Regulation of Blood Pressure by Sympathetic Nerve Fibers and Adrenal Medulla in Normotensive and Hypertensive Rats
The respective roles of the sympathetic nerve fibers and adrenal medulla in the regulation of blood pressure and heart rate were studied in normotensive and hypertensive rats. Chemical sympathectomy alone, by treatment with 6-OH-DA, or bilateral adrenalectomy reduced blood pressure only slightly in normotensive animals. In animals made hypertensive with deoxycorticosterone (DOCA) and saline, each of these procedures reduced blood pressure to a greater extent than in normotensive animals, but the blood pressure remained at hypertensive levels. The combination of both procedures resulted in a greater fall in blood pressure than could have been predicted from individual effects, suggesting that the removal of one component of the sympathetic system can be compensated for by a hyperactivity of the remaining component. After chemical sympathectomy, adrenalectomy produced a rapid and marked fall in blood pressure in both normotensive and hypertensive animals and the blood pressure stabilized around 50 mm Hg within 1 hour after adrenalectomy. Since the basal blood pressure was identical in normotensive and hypertensive animals after removal of both components of the sympathetic system, this suggests that the most likely factor which would account for an elevated blood pressure in rats treated with DOCA and sodium is a synergic hyperactivity of the sympathetic fibers and adrenal medulla.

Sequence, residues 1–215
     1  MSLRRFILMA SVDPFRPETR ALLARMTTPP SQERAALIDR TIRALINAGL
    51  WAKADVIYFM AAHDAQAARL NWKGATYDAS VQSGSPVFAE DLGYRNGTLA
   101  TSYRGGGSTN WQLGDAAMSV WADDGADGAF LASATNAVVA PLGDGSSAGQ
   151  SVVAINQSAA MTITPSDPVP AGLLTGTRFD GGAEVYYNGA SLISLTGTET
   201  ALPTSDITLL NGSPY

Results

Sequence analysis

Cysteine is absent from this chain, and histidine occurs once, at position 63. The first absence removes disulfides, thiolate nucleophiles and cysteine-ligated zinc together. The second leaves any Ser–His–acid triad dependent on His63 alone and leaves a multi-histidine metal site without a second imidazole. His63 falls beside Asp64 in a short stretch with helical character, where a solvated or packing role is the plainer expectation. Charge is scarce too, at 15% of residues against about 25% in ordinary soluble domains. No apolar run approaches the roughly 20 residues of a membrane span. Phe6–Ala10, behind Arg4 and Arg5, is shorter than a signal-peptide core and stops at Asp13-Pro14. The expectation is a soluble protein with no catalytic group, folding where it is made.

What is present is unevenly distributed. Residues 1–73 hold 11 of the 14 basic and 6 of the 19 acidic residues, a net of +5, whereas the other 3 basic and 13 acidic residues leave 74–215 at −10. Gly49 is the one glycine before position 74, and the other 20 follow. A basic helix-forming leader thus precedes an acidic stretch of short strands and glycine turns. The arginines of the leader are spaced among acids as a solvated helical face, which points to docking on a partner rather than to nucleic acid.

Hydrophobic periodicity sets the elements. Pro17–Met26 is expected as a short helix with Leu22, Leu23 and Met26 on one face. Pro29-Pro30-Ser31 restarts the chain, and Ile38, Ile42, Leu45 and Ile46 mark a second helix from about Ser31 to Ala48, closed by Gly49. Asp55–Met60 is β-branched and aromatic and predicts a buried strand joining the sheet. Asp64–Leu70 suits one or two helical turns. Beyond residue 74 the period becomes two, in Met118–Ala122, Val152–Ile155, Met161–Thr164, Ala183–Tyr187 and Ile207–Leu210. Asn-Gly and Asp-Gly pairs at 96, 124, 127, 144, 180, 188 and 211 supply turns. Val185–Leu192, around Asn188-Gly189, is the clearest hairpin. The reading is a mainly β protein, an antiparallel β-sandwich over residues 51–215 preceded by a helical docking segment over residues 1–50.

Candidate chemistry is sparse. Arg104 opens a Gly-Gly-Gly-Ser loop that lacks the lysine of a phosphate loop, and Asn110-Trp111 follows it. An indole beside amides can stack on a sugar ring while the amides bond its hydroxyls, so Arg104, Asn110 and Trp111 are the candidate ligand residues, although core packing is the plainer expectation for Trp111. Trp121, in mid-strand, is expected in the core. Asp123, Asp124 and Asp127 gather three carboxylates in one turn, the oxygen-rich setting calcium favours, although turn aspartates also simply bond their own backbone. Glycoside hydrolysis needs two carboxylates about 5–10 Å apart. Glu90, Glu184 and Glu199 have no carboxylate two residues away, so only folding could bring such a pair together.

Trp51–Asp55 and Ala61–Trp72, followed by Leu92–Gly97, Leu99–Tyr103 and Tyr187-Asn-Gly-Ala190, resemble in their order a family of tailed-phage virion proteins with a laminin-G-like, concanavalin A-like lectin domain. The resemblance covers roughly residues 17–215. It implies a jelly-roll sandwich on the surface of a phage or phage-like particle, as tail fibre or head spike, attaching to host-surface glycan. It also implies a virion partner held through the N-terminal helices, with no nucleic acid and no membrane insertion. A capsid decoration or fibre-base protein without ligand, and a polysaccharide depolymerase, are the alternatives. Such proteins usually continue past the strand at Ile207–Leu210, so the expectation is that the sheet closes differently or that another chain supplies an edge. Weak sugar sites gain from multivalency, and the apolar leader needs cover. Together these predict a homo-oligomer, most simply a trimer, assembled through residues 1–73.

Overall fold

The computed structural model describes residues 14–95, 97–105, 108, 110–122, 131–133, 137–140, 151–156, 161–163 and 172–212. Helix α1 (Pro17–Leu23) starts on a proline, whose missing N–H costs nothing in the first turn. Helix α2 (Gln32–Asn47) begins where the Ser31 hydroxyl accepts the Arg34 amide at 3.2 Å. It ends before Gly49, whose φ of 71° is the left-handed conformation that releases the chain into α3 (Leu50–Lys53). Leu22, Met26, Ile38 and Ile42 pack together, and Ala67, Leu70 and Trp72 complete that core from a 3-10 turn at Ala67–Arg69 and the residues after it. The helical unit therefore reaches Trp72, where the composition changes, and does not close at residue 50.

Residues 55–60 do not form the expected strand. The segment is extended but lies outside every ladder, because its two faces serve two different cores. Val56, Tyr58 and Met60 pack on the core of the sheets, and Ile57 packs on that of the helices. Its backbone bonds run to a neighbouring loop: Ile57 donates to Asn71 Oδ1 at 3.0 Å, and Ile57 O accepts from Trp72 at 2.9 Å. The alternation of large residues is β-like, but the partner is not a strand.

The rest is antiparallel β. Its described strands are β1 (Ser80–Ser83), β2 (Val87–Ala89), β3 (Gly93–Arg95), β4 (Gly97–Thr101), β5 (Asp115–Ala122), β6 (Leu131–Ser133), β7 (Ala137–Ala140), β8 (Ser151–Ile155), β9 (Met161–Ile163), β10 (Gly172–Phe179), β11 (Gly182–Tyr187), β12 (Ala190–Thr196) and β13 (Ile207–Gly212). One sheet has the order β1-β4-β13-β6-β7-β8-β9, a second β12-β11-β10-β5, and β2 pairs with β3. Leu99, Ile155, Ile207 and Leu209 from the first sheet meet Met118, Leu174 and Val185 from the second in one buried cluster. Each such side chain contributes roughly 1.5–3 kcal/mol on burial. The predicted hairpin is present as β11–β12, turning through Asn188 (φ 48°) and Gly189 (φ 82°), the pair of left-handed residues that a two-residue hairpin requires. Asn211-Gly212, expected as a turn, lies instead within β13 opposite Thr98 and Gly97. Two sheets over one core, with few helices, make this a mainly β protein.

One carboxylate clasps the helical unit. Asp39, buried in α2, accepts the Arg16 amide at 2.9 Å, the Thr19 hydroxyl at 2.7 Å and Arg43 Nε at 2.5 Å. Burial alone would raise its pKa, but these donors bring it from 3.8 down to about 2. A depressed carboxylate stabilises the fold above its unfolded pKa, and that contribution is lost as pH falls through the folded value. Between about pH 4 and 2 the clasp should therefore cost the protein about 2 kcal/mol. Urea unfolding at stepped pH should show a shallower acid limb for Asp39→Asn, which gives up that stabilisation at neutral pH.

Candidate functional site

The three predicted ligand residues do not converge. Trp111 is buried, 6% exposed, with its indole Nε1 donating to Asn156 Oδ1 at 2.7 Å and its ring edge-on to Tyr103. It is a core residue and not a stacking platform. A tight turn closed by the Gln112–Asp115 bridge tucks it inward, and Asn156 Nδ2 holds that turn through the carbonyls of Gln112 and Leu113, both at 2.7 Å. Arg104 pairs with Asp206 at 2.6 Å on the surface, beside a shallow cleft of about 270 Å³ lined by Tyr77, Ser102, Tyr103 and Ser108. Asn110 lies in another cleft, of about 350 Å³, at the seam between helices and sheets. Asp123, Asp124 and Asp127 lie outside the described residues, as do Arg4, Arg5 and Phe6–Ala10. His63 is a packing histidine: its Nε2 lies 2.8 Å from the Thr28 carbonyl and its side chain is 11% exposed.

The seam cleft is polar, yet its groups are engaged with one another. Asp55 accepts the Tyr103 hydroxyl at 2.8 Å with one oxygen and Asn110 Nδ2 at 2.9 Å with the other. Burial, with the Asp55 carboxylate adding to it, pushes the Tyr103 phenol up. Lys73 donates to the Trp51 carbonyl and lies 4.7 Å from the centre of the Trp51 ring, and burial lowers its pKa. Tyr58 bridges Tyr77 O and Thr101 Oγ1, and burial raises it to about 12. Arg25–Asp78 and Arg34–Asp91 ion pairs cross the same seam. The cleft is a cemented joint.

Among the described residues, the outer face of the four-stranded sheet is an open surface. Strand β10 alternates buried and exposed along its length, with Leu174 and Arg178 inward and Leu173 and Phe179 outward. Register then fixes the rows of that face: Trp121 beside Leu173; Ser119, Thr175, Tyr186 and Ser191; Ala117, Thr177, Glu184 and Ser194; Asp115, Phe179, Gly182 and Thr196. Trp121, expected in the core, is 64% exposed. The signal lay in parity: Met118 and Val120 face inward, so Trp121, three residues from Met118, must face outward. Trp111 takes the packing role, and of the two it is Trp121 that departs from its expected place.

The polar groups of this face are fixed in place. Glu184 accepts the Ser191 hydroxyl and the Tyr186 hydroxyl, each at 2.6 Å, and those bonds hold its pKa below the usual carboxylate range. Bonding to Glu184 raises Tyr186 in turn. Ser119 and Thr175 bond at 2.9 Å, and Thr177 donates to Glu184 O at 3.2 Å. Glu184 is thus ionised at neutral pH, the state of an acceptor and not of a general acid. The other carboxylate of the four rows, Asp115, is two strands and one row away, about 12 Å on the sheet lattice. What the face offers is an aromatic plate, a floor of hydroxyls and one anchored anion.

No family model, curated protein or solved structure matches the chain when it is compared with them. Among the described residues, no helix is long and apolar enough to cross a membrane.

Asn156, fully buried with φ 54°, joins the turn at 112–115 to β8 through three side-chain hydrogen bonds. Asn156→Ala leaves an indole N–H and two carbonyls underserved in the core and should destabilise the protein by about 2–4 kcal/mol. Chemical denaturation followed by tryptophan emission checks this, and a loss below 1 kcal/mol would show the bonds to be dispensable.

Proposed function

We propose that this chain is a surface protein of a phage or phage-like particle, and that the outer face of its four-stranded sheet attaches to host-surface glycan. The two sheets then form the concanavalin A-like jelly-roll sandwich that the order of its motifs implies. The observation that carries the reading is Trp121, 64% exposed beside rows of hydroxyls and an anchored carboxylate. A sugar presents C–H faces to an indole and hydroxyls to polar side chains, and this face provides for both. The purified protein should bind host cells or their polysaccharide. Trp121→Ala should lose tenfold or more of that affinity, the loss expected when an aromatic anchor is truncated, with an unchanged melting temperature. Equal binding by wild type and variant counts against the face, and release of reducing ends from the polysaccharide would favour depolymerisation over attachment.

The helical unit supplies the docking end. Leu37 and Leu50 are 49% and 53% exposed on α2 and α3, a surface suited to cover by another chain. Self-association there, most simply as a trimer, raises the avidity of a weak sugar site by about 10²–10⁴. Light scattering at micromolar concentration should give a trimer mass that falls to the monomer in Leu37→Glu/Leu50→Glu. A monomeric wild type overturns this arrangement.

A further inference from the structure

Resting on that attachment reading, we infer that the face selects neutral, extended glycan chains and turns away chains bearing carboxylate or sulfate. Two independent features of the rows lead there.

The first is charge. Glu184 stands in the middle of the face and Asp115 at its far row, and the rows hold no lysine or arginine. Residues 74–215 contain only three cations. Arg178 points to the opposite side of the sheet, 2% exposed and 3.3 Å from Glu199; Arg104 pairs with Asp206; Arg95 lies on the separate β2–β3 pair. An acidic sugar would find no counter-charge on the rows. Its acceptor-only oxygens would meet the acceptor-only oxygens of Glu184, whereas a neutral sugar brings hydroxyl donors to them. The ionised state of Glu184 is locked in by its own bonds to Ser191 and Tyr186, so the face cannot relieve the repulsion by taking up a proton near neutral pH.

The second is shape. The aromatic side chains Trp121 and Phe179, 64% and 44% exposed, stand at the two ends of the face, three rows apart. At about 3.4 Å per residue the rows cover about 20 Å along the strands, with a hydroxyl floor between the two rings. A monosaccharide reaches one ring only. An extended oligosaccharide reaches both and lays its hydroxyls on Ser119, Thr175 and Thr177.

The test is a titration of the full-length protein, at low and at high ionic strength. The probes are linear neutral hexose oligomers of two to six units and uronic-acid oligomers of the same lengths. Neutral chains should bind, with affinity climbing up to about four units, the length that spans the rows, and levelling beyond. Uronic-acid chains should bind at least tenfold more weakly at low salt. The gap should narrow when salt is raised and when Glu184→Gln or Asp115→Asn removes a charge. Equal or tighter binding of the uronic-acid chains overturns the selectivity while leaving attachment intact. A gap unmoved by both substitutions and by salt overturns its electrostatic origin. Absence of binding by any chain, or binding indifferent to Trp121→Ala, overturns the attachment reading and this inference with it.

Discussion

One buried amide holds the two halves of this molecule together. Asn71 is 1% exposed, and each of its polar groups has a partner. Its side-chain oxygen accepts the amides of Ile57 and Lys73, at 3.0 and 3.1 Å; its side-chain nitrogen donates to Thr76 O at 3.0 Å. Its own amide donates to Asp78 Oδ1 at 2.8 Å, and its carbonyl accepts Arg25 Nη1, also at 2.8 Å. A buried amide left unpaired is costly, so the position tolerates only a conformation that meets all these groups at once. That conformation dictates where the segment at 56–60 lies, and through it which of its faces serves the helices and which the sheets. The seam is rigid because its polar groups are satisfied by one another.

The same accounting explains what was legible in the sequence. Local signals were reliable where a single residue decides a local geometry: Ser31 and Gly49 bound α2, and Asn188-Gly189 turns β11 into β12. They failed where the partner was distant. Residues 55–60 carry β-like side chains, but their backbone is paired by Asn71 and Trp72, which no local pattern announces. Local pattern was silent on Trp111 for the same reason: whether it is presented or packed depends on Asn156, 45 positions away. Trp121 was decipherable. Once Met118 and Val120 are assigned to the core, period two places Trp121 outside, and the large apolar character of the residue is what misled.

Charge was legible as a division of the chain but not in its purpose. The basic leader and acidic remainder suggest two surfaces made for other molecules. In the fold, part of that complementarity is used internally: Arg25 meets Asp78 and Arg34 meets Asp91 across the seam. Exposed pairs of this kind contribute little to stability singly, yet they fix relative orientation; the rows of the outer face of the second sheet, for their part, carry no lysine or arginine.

- DOCA-and-sodium hypertension
- autonomic nervous system
- chemical sympathectomy
- experimental hypertension
- Received March 3, 1972.
- Accepted August 4, 1972.
- © 1972 American Heart Association, Inc.